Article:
Like I think I’ve put years back on my life just from sleep. Right. Yeah. So sleep deprived in the workforce. So that absolutely, I think half people just don’t appreciate that aspect of it enough. Right. That the stress that comes with work and you know, being able to walk away, that is great. I will say to you know, having no side hustle it’s been interesting to talk to people and I’ll let Paul talk Believe it or not soon soon baby you know but he’s the money guy he’s been great but he’s the one who reassured me like we don’t need to have a side business we don’t need to have real estate we don’t you know we can just kind of draw down the investments and you know do that wisely and in times of really great markets like we have now we can live well and if we need to we’re never going to be lean fire like Mr. Money mustache, but we have plenty of wiggle room and our budget to go either way. So, sweet P. Oh, Paul
Paul: Answered both. So for me, like now towards the end of my career, I really say after 20 years of IT, I was just really just burned out of doing that for 20 something years. And so for me, it really got to the point like my favorite days of the week for just Saturday and Sunday and Sunday would come around and get that Sunday dread. No, I like get on Monday and go to work. So for me when I finally retired from the job, I just went from kind of just that I get to basically live like every single day is Saturday. And when I was working I love Saturday and Sunday and now I get up every day and it’s like it’s Saturday and Sunday so I don’t really kind of feel again, like like race like I really don’t feel like I’m kind of missing now or I need a side hustle to kind of complete my life I’m, I really search for happiness every day. I do what makes me happy every day and if something doesn’t make me happy, I just walk away from it. So it’s kind of it’s maybe a little kind of hedonistic that way, but it’s but I very much just enjoy kind of living life on my own terms.
Whitney: So I heard a little rumor that you guys are on this mission for 50 by 50. So what the heck is 50 by 50.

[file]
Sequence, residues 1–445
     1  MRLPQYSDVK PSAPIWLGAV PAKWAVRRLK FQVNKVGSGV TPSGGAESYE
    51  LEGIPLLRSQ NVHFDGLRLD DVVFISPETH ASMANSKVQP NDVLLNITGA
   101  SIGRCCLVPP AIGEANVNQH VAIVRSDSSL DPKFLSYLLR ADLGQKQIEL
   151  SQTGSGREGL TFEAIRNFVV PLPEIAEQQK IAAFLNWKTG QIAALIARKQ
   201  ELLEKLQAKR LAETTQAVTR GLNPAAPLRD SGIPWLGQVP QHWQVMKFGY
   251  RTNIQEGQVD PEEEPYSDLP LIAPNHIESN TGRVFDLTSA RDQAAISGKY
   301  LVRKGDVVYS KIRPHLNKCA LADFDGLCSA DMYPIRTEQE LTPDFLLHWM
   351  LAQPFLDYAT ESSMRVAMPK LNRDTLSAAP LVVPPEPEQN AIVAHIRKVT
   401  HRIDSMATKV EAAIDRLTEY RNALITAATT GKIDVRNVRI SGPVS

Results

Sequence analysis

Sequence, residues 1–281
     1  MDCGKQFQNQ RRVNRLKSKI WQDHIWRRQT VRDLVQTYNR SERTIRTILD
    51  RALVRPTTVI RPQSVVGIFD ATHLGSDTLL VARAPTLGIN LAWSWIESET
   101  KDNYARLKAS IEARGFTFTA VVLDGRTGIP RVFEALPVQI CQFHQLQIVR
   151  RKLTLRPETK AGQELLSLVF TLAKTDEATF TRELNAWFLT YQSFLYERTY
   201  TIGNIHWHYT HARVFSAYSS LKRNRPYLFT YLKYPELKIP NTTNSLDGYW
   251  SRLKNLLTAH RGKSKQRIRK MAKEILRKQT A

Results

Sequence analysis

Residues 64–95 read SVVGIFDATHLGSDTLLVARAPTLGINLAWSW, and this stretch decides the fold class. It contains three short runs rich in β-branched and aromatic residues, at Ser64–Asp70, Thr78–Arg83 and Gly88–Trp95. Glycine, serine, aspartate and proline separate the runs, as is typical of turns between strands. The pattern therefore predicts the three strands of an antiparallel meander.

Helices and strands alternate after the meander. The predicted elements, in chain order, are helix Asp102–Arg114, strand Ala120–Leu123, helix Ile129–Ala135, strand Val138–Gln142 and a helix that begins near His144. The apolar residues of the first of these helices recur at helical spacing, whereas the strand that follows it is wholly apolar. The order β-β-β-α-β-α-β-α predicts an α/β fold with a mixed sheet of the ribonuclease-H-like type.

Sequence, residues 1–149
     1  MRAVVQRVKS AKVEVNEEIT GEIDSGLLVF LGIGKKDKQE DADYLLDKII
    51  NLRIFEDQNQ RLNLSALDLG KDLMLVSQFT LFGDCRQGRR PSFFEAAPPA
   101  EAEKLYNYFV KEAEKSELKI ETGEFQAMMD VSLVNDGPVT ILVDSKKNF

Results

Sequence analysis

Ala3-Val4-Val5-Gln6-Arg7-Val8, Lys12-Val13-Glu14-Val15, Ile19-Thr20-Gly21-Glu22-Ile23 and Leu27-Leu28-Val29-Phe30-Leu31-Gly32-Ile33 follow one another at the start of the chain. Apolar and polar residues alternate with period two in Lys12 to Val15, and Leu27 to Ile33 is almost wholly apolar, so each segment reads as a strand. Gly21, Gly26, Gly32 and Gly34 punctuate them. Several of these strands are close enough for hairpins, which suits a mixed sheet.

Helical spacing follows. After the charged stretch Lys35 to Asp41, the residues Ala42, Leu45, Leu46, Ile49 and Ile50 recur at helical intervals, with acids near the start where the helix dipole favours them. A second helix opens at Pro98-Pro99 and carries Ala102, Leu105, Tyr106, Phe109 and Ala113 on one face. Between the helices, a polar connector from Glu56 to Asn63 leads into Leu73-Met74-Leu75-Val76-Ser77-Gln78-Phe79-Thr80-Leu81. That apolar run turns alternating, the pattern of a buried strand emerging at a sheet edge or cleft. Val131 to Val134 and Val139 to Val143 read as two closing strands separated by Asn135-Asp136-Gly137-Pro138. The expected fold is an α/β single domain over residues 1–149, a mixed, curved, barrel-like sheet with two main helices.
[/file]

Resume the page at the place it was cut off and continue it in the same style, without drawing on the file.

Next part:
Rachel: So as anyone who’s Taipei knows you need goals in life. So I was like, what are we going to do? So we came up with this we meaning me and he just goes along with it. We said we’re going to see it All 50 states by the time we’re 50, and like other people who travel in the community, we have rules. So it has to be, you know, a half to go together. It can’t be like a one time when I was three, I went through Wisconsin, like, wasn’t that great. Like that does not count. So we have to be together, we have to spend the night, which has its own implications, probably not a PG podcast. And then we had to do the most important to do something meaningful. So when people are like, Oh, you went to Vermont, you know, what are you doing? We’re like, Oh, we went to of course of it in Jerry’s factory, like, why wouldn’t you go to that in Vermont. So we do spend some time trying to make sure we see the states. So we have five states left, anyone play at home. And then for the next goal, we’re going to do 60 by 60, which is 60 countries by time we’re 60. So, again, I think it’s totally great not to have work type goals. It’s okay to have personal interest goals.
Doc G: So sweet P question for you. I hear that you said you answered a book, you mentioned that you guys don’t have real estate or a side, hustler side business or anything like that. So can you tell us a little bit about what that portfolio does consist of at a high level? And why you felt confident in that? I think that, in theory, we always talk about stocks and index fund investing as a path to financial freedom. But in practice, it seems like a minority of folks actually then go on to be confident in that allocation.
Paul: Yeah, so we were actually very much at a live by the jail call and simple path to wealth book, like we actually think that's our Bible we gifted the time. So we very much how our allocation just really just kind of, just a lot of index funds. I think because we retired with a fair amount of money, we actually I think we sort of by ourselves, probably a heavier cash cushion than some people will do and then and actually, because we're Rachel work, we had some of the equity on that. So like in the short in the shorter term, we're spending cash and then when we need replenish cash, we sell the equity, the employee stock purchase stuff, and then eventually we'll be able to kind of Draw down from our index funds but that's kind of how things are set up.
Doc G: All right, let’s hear it for Paul and Rachel.
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Doc G: So we’re going to welcome Alma up to the mic so to speak. Alma, I don’t have the right words to describe your story. But you do. Take us back to 2012.